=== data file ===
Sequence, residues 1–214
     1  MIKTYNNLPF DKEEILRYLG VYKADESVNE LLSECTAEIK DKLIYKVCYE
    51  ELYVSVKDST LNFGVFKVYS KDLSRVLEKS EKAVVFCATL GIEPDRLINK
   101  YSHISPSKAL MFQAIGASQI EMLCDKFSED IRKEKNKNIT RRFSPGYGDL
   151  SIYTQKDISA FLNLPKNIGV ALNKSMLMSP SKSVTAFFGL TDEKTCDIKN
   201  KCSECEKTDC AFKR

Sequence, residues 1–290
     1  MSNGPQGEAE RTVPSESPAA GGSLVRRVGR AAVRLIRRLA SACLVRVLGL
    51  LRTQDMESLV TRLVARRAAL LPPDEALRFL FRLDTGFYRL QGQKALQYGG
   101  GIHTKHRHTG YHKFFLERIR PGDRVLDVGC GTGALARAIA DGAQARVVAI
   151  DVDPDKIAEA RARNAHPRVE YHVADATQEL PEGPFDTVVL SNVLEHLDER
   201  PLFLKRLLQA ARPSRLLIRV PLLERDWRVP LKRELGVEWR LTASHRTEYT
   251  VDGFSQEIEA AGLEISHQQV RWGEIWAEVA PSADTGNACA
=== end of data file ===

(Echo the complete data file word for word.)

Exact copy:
Sequence, residues 1–214
     1  MIKTYNNLPF DKEEILRYLG VYKADESVNE LLSECTAEIK DKLIYKVCYE
    51  ELYVSVKDST LNFGVFKVYS KDLSRVLEKS EKAVVFCATL GIEPDRLINK
   101  YSHISPSKAL MFQAIGASQI EMLCDKFSED IRKEKNKNIT RRFSPGYGDL
   151  SIYTQKDISA FLNLPKNIGV ALNKSMLMSP SKSVTAFFGL TDEKTCDIKN
   201  KCSECEKTDC AFKR

Sequence, residues 1–290
     1  MSNGPQGEAE RTVPSESPAA GGSLVRRVGR AAVRLIRRLA SACLVRVLGL
    51  LRTQDMESLV TRLVARRAAL LPPDEALRFL FRLDTGFYRL QGQKALQYGG
   101  GIHTKHRHTG YHKFFLERIR PGDRVLDVGC GTGALARAIA DGAQARVVAI
   151  DVDPDKIAEA RARNAHPRVE YHVADATQEL PEGPFDTVVL SNVLEHLDER
   201  PLFLKRLLQA ARPSRLLIRV PLLERDWRVP LKRELGVEWR LTASHRTEYT
   251  VDGFSQEIEA AGLEISHQQV RWGEIWAEVA PSADTGNACA